Refactoring JQuery to React

 In JavaScript, React, Tutorials

JQuery is quickly becoming a thing of the past, and in it’s place stands React. I mean, even John Resig, author of JQuery, uses React now. So how can you refactor your website to use React instead of JQuery?

In this article I’ll show you step-by-step how to refactor a website using JQuery into React, using real examples.

I’m going to assume we’re starting with a basic website using JQuery. Specifically, I’ll be writing these examples to work with the project here.

Part 1: Webpack and Babel

The first thing we’re going to do to start using React is build our JavaScript using webpack and babel.

Webpack is a highly customizable module bundler. It can be used with other technologies to compile and transform your source code into a finished product.

Babel will be used to compile ES6 JavaScript into ES5 JavaScript. ES6 is just the next-generation of JavaScript. However, it needs to be compiled because it isn’t supported by all browsers yet.

Using babel will allow us to write our React in ES6, which is a lot cleaner than writing React in ES5 JavaScript.

For example, the following is a React component written in ES5 JavaScript.

var createReactClass = require('create-react-class');
var Greeting = createReactClass({
  render: function() {
    return <h1>Hello, {this.props.name}</h1>;
  }
});

Conversely, this is a component written in ES6 JavaScript:

class Greeting extends React.Component {
  render() {
    return <h1>Hello, {this.props.name}</h1>;
  }
}

Additionally, we’re going to enable the use of JSX. JSX is an extension of JavaScript which allows you to write in an XML-style notation within JavaScript. What this means, is that instead of building HTML using string formatting and concatenation, we can build HTML directly within our JavaScript.

For example, here’s a React component written with JSX:

class Hello extends React.Component {
  render() {
    return <div>Hello {this.props.toWhat}</div>;
  }
}

ReactDOM.render(
  <Hello toWhat="World" />,
  document.getElementById('root')
);

Alternatively, this is what a React component without JSX looks like:

class Hello extends React.Component {
  render() {
    return React.createElement('div', null, `Hello ${this.props.toWhat}`);
  }
}

ReactDOM.render(
  React.createElement(Hello, {toWhat: 'World'}, null),
  document.getElementById('root')
);

As you can see, life’s a lot easier in the React world when using ES6 and JSX. So how do we do it?

Step 1: Initialize your project as an npm package

The first step is to make your website an npm package. Doing this is easy. First, move all the source files to a new src directory.

mkdir src
mv index.html src/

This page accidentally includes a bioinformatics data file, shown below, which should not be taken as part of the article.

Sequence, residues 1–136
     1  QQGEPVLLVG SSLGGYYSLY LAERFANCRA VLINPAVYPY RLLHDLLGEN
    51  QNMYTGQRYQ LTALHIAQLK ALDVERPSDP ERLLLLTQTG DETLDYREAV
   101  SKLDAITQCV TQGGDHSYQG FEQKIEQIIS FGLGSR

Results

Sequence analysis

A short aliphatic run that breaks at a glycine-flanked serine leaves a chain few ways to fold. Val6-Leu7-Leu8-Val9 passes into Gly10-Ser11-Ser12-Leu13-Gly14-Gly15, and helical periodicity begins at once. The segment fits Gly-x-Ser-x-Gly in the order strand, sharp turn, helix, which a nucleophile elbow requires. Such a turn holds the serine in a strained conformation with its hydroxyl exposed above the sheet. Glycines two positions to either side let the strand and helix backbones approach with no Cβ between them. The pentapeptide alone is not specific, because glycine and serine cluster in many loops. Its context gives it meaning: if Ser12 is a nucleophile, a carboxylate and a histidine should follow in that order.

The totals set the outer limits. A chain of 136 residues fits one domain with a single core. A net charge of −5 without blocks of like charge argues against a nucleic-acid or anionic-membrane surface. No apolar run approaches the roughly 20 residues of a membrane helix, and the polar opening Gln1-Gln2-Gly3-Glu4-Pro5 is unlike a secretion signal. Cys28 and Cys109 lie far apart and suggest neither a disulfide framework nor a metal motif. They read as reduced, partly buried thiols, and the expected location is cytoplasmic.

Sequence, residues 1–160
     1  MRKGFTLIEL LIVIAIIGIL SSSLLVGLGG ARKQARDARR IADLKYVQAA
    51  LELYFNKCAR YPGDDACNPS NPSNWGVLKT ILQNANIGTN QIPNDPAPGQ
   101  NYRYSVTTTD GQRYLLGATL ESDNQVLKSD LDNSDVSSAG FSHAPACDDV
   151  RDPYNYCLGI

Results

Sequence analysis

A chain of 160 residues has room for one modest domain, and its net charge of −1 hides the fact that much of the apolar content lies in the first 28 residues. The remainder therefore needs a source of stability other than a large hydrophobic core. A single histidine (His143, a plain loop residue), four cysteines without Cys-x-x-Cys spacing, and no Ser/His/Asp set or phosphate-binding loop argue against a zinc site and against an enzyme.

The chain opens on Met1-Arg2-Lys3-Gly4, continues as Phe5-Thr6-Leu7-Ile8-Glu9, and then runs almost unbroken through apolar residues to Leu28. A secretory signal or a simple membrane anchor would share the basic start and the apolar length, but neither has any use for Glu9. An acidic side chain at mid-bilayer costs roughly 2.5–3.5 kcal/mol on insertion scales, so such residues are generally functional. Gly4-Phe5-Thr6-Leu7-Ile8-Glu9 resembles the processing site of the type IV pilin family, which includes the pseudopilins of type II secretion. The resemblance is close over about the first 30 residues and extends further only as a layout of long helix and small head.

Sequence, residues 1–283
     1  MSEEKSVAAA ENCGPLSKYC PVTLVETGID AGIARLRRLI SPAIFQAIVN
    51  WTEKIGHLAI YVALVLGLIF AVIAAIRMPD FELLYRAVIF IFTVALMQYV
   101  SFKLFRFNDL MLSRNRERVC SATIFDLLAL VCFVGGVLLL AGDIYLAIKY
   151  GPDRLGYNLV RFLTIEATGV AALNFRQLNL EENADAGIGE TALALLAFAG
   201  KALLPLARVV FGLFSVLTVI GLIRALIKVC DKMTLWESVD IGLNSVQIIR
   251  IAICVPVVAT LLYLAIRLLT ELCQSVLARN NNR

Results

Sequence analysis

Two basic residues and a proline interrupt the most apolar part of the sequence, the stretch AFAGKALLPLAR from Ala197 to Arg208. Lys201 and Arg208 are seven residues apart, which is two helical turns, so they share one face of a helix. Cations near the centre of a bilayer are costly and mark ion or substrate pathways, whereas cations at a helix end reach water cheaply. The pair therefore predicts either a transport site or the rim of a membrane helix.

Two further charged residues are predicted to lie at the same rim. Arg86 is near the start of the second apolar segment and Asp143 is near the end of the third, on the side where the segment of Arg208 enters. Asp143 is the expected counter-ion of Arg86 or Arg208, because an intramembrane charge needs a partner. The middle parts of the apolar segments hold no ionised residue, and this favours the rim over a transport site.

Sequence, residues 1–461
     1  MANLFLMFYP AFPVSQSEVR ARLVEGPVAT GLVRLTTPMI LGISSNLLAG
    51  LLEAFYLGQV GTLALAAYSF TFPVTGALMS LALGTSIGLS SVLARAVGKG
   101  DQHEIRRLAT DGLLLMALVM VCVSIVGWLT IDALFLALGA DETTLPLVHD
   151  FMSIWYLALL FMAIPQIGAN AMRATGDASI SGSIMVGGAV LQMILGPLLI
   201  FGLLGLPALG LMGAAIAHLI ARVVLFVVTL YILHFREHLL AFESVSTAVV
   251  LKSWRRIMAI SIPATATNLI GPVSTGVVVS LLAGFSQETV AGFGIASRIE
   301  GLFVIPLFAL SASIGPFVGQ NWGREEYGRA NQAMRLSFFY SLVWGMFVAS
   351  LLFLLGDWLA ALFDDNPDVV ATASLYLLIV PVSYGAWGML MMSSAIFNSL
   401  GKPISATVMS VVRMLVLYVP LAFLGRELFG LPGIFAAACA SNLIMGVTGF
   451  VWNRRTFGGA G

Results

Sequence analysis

mv main.js src/

After all the source files have been nicely relocated, run npm init to initialize a new node package. Below is an example of the output from running the command, and the inputs provided.

> npm init
name: people-app
version: (1.0.0)
description: A website for viewing people in a table.
entry point: (src/main.js)
test command:
git repository:
keywords:
author: Michael Washburn Jr
license: MIT
About to write to /home/mike/dev/learn-react/part-1-webpack/package.json:

{
 "name": "people-app",
 "version": "1.0.0",
 "description": "A website for viewing people in a table.",
 "main": "src/main.js",
 "dependencies": {},
 "devDependencies": {},
 "scripts": {
 "test": "echo \"Error: no test specified\" && exit 1",
 },
 "author": "Michael Washburn Jr",
 "license": "MIT"
}

Is this ok? (yes)

Step 2: Building with Webpack

Now that the project has been initialized as a node package, we can install Webpack, Babel, and other packages to get our build system working.

npm install --save-dev webpack webpack-dev-server html-webpack-plugin babel-loader babel-core babel-preset-es2015 babel-preset-react

Now, we need to make a Webpack configuration file. Eventually, you’ll probably want to create a development and production version of this configuration file. For now, however, we’ll just use one configuration.

First, create a new file in the root project folder named webpack.config.js.

First, we need to import the libraries we’ll be using to define our Webpack configuration.

// require imports a package to the file. 
// path is used to normalize paths, similar to os.path.join in python
var path = require('path');
// we'll obviously need webpack
var webpack = require('webpack');
// We'll use this to handle the copying of our index.html file
var HtmlWebpackPlugin = require('html-webpack-plugin');

Now, we’re going to need to know the location of our source files, and the location where we want our project to be built to. So go ahead and define some variables to track these directories using the path package.

// define the build and source directory.
var BUILD_DIR = path.join(__dirname, 'dist');
var SRC_DIR = path.join(__dirname, 'src');

Now we have enough to start writing our actual configuration. The meat and potatoes of a Webpack configuration lies in the module exports. These are the values that are made public within a JavaScript file, which other files can import and use. To start, we’ll need to define an entry point to our JavaScript code and an output file.

// these values get made public to anything importing this file
module.exports = {
  // defines the entry point so the bundler knows where to start
  entry: './src/main.js',
  // designates where the JS bundle is saved
  output: { path: BUILD_DIR, filename: 'bundle.js' },
  ...
};

The next thing we’ll need to add to our Webpack config is a way to copy our html file. We can do this with the HtmlWebpackPlugin we imported earlier. This method will also automatically include your bundled JavaScript file in the generated HTML file, so remove the <script src="main.js"></script> line from the index.html file.